The Internal Revenue Service (IRS) had broad examination authority to determine the correct amount of tax owed by taxpayers. In addition to seeking information directly from a taxpayer, the IRS is also authorized to seek information from third parties. However, Internal Revenue Code (Code) Section 7602(c)(1) requires that the IRS provide “reasonable notice in advance to the taxpayer” before contacting a third party. The US Court of Appeals for the Ninth Circuit recently addressed what constitutes “reasonable notice” for this purpose.

In J.B. v. United States, the taxpayer sought to quash an IRS summons for insufficient notice. The taxpayers were selected for a compliance research examination as part of the IRS’s National Research Program, which involves in-depth audits of random taxpayers to improve the government’s access to compliance information and ensure that the IRS is auditing the right taxpayers. The IRS notified the taxpayers of the audit by mail and enclosed a copy of Publication 1, Your Rights as a Taxpayer. Publication 1 states, in relevant part, that the IRS may sometimes talk to other persons if the taxpayers are unable to provide or verify information received from the taxpayer. In J.B., the IRS summonsed the California Supreme Court for copies of billing statements, invoices and other documents relating to payments to the taxpayer-husband, who was a lawyer who accepted appointments to represent indigent criminal defendants in capital cases. The taxpayers did not learn of the summons until after it had been issued, and therefore moved to quash the summons for insufficient notice. The district court held in favor of the taxpayers.

The Ninth Circuit affirmed, albeit on different grounds. After explaining that “reasonable notice” is a fact-sensitive determination and that advance notice is intended to provide taxpayers the right to avoid potential embarrassment caused by IRS contact with third parties, the court discussed the Internal Revenue Manual and the IRS’s prior practice of providing taxpayer-specific notice. In particular, the predecessor IRS letter had more than 20 iterations tailored to meet different functional requirements. The court ultimately held that the IRS must provide notice “reasonably calculated under all relevant circumstances to apprise interested parties of the possibility that the IRS may contact third parties and that affords interested parties a meaningful opportunity to resolve issues and volunteer information before those third-party contacts are made.”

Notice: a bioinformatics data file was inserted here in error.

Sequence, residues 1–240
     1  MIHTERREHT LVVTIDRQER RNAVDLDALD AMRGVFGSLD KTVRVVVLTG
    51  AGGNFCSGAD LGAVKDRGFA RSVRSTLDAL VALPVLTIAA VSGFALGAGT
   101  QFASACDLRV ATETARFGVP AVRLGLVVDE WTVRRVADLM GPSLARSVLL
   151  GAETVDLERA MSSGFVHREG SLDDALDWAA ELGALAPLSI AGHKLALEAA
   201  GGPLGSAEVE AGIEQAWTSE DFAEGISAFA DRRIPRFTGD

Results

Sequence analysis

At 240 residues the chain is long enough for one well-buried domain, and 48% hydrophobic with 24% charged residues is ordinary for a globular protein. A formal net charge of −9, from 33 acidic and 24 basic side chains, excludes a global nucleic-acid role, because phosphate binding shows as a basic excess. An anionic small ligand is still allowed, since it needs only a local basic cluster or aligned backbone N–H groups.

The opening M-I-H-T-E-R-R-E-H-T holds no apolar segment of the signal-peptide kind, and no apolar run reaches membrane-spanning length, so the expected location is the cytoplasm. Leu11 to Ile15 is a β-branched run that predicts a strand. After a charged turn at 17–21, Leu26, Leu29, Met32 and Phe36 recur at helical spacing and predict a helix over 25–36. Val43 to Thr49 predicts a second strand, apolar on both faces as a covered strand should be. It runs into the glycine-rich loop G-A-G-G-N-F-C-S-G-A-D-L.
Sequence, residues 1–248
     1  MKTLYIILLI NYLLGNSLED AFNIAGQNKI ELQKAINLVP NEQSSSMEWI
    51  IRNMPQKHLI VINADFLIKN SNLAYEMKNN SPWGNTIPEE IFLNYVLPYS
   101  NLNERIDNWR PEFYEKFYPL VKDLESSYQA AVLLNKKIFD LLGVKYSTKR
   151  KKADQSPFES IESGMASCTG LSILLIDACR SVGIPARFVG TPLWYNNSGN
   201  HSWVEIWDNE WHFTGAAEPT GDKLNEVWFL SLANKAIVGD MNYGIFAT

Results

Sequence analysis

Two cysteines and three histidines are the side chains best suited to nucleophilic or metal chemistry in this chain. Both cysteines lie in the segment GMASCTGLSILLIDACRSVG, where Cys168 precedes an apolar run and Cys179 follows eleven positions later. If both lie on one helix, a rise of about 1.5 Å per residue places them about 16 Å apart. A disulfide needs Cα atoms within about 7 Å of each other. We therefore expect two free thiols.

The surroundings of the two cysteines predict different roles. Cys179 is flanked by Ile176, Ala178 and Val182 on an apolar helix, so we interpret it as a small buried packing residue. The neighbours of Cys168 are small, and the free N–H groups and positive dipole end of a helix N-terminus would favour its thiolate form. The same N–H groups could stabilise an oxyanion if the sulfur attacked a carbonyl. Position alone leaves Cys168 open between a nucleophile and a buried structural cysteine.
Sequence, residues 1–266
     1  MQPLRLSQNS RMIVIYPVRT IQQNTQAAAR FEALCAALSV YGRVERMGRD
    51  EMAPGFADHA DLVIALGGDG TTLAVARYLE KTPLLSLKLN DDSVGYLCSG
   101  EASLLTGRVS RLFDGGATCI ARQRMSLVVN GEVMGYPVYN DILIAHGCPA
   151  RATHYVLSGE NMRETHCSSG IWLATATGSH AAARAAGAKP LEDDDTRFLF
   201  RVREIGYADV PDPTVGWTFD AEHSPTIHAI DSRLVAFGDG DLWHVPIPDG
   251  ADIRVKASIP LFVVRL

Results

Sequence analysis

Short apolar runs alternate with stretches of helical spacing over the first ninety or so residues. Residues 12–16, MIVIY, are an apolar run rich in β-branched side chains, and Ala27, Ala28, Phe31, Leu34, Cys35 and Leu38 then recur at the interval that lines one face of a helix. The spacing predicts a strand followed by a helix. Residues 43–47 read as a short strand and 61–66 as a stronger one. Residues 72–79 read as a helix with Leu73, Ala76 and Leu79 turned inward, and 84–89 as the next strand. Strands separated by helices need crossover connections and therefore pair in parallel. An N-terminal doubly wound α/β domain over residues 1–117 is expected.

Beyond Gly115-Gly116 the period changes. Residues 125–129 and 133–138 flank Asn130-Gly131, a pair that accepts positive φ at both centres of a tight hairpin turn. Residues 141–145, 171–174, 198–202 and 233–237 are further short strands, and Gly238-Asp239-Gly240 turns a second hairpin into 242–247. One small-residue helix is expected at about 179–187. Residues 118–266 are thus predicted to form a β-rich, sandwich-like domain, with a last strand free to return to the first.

The Ninth Circuit was particularly troubled by the facts that: (1) the IRS had reason to know that the billing records at issue might have been subject to attorney-client privilege and (2) the taxpayers would have had access to those documents and would have been able to provide redacted copies of the pertinent records. Moreover, the court noted that Publication 1 was “divorced from any specific request for documents.” The court concluded that “[a]lthough we limit our holding to the facts of this case, we are doubtful that Publication 1 alone will ever suffice to provide reasonable notice in advance to the taxpayer, as [...]

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Law360: US District Court To French Tax Authorities: Pas De Probleme

Robin Greenhouse and Kevin Spencer recently authored, “US District Court To French Tax Authorities: Pas De Probleme” for Law360. The article discusses a case involving IRS summons and taxpayers’ rights in context of the US-France Treaty.

Read the full coverage on Law360.